When we think of healthy habits, we think about exercising, eating healthy, working smarter, and spending more time doing what we love with who we love. For some reason, we rarely think about the neck up: The health of our brain, and the critical role it plays in our quality of life.
Okay, so occasional fogginess happens to the best of us – we joke about “senior moments” when we can’t find our keys or open the fridge when we really meant to open the microwave – but it could also be your brain begging you for healthy habits it can jive with.
“Leading science now squarely points a finger at the desperately important role of nutrition in both enhancing brain function as well as making the brain more resistant to disease,” says Dr. David Perlmutter, MD, bestselling author of "Grain Brain, The Surprising Truth About Wheat, Carbs, and Sugar, Your Brain’s Silent Killers."
Let's start with our diet: "The brain damaging effects of a high carb diet no doubt relate to how carbs raise blood sugar," says Perlmutter. "Even mild elevations of blood sugar are devastating to the brain."
Blood sugar elevation damages the brain by increasing inflammation, which is connected to all brain degenerative diseases including Parkinson's, MS, and Alzheimer's. "The bottom line is that inflammation must be avoided at all costs to provide a healthy environment for your brain to thrive and function optimally today, as well as in the years to come," says Perlmutter.
Here are five healthy habits, courtesy of Perlmutter, that will help keep your brain healthy and resistant to disease:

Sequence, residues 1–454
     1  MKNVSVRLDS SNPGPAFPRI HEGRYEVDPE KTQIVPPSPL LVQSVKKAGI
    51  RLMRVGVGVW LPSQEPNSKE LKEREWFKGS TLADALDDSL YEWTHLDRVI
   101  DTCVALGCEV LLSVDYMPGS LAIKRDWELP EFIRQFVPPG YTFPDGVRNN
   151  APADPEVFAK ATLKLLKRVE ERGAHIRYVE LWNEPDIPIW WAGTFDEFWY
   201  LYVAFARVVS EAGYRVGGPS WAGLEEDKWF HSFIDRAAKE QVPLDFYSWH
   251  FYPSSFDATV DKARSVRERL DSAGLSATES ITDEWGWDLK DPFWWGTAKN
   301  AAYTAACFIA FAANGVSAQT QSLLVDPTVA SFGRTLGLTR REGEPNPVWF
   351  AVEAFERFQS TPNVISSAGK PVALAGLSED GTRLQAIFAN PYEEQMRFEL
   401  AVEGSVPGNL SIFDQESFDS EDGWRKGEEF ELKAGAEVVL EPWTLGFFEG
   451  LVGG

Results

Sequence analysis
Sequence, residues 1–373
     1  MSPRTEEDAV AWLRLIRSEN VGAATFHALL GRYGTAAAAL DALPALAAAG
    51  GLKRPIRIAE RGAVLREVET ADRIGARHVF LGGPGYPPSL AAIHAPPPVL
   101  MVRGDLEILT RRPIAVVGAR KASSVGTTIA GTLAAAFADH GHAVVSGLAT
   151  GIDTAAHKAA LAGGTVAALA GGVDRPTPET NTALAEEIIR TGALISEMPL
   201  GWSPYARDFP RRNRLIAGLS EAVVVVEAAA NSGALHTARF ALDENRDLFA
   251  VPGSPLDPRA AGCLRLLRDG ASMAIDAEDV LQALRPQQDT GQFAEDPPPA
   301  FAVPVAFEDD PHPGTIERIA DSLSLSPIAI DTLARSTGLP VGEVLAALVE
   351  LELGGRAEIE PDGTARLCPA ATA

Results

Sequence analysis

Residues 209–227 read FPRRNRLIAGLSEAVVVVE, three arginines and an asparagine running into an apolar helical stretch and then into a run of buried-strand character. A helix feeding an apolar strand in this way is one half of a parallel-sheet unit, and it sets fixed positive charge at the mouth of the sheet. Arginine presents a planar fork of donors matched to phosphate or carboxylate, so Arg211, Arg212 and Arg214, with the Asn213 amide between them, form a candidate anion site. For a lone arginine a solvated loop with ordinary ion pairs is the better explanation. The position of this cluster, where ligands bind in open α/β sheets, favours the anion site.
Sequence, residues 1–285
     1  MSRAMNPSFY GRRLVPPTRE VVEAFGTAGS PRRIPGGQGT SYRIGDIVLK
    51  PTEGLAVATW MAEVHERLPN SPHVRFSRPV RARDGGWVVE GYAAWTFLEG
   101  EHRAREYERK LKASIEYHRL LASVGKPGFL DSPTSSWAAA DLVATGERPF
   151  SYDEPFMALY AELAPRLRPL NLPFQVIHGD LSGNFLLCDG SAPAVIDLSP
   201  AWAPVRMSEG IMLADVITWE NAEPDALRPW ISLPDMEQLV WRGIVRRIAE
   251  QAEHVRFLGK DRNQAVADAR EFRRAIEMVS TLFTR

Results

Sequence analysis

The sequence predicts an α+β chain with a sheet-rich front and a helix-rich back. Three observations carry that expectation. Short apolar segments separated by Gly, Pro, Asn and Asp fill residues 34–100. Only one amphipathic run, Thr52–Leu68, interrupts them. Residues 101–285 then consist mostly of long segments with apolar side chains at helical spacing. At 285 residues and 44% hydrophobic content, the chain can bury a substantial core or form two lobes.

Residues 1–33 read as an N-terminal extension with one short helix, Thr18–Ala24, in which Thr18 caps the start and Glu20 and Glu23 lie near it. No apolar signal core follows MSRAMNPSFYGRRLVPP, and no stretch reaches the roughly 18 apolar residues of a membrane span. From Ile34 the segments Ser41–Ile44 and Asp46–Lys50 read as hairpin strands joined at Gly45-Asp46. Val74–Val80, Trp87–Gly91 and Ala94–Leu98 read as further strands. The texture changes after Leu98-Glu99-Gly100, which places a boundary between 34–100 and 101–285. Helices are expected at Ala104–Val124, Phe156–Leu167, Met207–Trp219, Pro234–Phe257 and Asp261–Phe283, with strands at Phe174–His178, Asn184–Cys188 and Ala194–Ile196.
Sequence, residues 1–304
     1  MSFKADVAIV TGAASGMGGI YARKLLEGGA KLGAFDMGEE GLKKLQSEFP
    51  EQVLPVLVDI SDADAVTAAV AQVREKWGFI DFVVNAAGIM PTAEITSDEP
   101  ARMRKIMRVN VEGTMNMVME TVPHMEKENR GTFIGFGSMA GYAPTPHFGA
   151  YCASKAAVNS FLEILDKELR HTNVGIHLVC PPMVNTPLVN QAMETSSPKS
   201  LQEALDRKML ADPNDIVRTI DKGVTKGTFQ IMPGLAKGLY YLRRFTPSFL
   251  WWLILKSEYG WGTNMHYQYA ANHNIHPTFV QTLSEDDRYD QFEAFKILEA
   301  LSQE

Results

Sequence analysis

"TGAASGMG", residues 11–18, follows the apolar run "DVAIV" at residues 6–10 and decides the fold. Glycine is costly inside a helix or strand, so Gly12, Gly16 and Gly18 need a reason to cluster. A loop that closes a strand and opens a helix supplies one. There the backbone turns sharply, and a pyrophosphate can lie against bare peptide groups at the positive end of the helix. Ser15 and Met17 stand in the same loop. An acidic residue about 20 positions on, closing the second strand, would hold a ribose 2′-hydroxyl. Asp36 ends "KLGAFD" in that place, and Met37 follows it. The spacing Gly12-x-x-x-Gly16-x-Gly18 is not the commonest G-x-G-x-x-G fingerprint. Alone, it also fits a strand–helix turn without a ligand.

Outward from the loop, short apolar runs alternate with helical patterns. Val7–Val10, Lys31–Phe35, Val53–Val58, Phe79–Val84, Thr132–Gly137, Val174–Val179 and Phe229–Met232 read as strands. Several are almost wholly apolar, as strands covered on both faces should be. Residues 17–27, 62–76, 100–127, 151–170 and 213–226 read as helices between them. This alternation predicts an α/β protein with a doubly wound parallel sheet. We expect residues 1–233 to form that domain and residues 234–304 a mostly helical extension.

1. Cut the carbs
"Try to limit your daily total carb consumption to no more than 80 grams," suggests Perlmutter. Scour your diet for hidden carbs and sugar. For example, ditch your morning glass of orange juice, which hands you nine teaspoons of sugar before you've even had breakfast! Also, focus on lower carb vegetables: "An easy way to screen vegetables in terms of their carb content is to reduce your consumption of vegetables that grow below the ground."
2. Know the glycemic index
Another healthy habit that's often overlooked is basing the foods you eat on the glycemic index, which tells you which foods spike your blood sugar the fastest. Perlmutter suggests focusing on foods with a lower glycemic index to keep your blood sugar balanced.
3. Eat more fat
That is, healthy fat that's unprocessed and unmodified: Olive oil, avocados, nuts, seeds, grass-fed beef and wild fish are fats that can be safely added to your diet. "Dietary fat is nature's perfect food for the brain," says Perlmutter. "Increasing your consumption of fat while reducing carbs and sugar provides a healing environment for your brain, reducing the damaging effects of inflammation while powering your brain cells with a far more efficient source of energy." Cha-ching!
4. Nix gluten
This protein, found in foods made from wheat, rye and barley, may increase inflammation in as many as 40 percent of humans, and researchers now believe that we all have some degree of inflammation from gluten consumption.
5. Get fit
When it comes to healthy habits, we already know exercise is important, but research now proves as little as 20 minutes of exercise is associated with the growth of new brain cells in the brain's memory center and improvement in memory. (Now, where'd I put my yoga tights?)
How many of these healthy habits do you need to work on?
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